Record rain on West Coast; nor’easter to target Northeast


(NewsNation Now) — A massive storm off the Pacific Northwest directed a stream of heavy rain, high-elevation snow and high winds over much of central and northern California, the Sierra Nevadas and the Great Basin on Monday.

Drenching rains and strong winds accompanied the weekend arrival of an atmospheric river — a long plume of Pacific moisture — into the drought-stricken state.

The storm barreled toward Southern California after flooding highways, toppling trees, cutting power and causing rock slides and mudflows in areas burned bare by wildfires across the northern half of the state.

Rainfall records were shattered and heavy snow pounded high elevations of the Sierra Nevada. The National Weather Service issued numerous flash flood warnings.

There were widespread power outages in Northern California, with Pacific Gas & Electric reporting Sunday evening that about 130,000 customers did not have electricity, though the utility said power had been restored to about 250,000 customers.

Flooding was reported across the San Francisco Bay Area, closing streets in Berkeley, inundating Oakland’s Bay Bridge toll plaza and overflowing rivers in Napa and Sonoma counties.

Workers clear branches on Mirabel Avenue during a storm in Forestville, Calif., on Sunday, Oct. 24, 2021. (AP Photo/Ethan Swope)

“It’s been a memorable past 24 hours for the Bay Area as the long-talked-about atmospheric river rolled through the region,” the local weather office said. “We literally have gone from fire/drought conditions to flooding in one storm cycle.”

The weather service called preliminary rainfall totals “staggering,” including 11 inches at the base of Marin County’s Mount Tamalpais and 4.02 inches in downtown San Francisco.

“It looks like yesterday was the 4th wettest day ever for downtown SF where records go back to the Gold Rush years,” the weather service said.

Nor’easter to Lash East Coast

The first nor’easter of the season is expected and could bring heavy rains and potentially damaging winds to parts of the Northeast.

An intensifying coastal storm system is targeting eastern Massachusetts and most of southern New England. A sustained period of heavy rain and damaging winds are expected from the slow-moving storm.

Flood watches have been issued by the National Weather Service for parts of New Jersey into the New York Tri-State area and southern New England.

The NWS also warned of offshore waves of 20 to 30 feet.

Power outages are expected.

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tornadoes in the Midwest

The National Weather Service confirmed an EF-3 tornado hit the southeastern Missouri city of Fredericktown on Sunday, damaging homes, businesses and the main electrical substation that feeds power to the city of about 4,000.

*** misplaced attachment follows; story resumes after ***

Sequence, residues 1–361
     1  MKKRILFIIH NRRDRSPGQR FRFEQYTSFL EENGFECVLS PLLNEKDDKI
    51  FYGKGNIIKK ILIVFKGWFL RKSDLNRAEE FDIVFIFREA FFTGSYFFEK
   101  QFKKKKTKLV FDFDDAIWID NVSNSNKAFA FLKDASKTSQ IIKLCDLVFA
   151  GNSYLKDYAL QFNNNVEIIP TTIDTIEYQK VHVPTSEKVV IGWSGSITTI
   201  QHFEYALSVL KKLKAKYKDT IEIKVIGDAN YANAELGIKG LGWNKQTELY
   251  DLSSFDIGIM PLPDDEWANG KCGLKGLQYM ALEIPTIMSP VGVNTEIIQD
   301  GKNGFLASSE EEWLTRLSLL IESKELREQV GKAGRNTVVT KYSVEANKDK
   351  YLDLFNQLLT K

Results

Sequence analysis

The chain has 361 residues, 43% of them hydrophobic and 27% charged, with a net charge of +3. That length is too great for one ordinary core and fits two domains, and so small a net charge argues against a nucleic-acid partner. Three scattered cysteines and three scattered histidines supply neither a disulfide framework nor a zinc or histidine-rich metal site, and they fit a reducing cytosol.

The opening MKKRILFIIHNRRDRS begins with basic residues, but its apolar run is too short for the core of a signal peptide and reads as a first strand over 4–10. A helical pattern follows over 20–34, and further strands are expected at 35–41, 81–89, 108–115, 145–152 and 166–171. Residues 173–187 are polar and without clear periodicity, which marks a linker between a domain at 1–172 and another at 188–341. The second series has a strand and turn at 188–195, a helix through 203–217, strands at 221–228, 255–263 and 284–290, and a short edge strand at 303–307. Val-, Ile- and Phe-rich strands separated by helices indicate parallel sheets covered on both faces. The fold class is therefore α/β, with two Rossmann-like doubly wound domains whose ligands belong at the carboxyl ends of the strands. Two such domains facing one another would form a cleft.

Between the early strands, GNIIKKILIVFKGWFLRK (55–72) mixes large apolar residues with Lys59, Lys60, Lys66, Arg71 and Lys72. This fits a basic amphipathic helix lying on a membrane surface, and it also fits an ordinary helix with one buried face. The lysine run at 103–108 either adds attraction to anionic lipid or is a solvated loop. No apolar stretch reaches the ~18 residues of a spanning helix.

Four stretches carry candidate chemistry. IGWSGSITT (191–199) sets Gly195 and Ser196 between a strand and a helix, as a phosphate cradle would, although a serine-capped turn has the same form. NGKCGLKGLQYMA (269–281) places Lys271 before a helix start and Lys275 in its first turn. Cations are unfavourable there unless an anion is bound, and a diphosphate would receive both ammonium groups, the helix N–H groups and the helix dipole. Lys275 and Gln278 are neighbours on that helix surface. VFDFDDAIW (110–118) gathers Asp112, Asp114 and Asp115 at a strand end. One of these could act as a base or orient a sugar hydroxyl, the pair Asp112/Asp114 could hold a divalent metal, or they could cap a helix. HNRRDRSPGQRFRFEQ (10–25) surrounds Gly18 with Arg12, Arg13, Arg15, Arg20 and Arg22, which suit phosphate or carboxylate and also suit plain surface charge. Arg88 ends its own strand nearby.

One suspected tornado moved Sunday night through St. Mary, Missouri, about 55 miles southeast of St. Louis, before crossing the Mississippi River into Chester, Illinois, the National Weather Service reported. There were no immediate reports of severe injuries.

A large fall storm system developed over the central part of the country and strengthened as it passed over the St. Louis region, weather service meteorologist Jared Maples, based in St. Charles, Missouri, told The Associated Press on Monday.

The storms dropped heavy rain, leading to some flooding around tributaries and in low-lying areas, and spawned several suspected tornadoes in eastern Missouri and southwestern Illinois.

The weather service is sending out survey teams to confirm whether those areas were hit by tornadoes, he said.

People walk on the beach in Lazaro Cardenas, Mexico, Sunday, Oct. 24, 2021. Hurricane Rick has strengthened a bit while heading for Mexico’s southern Pacific coast, where it is expected to make landfall Monday. The U.S. National Hurricane Center said Rick had winds as high as 90 miles per hour (150 kph) and was expected to hit somewhere around the seaport of Lazaro Cardenas or the resort of Zihuatanejo. (AP Photo/Armando Solis)
Hurricane Rick targets Mexico

A slightly strengthened and compact Hurricane Rick roared ashore along Mexico’s southern Pacific coast early Monday with 105 mph winds and heavy rain amid warnings of potential flash floods in the coastal mountains.

The U.S. National Hurricane Center said Rick made landfall as a Category 2 storm about 15 miles east of the port of Lazaro Cardenas around 5 a.m. Later Monday, Rick weakened to a tropical depression and was 140 miles north of Lazaro Cardenas, moving north at 14 mph.

The U.S National Hurricane Center said Rick could produce flash floods and mudslides in the mountainous terrain on the coast. The state of Guerrero, where Zihuatanejo and Acapulco are located, said rains and wind knocked over some trees and damaged a road before the storm made landfall.

The Associated Press contributed to this report.

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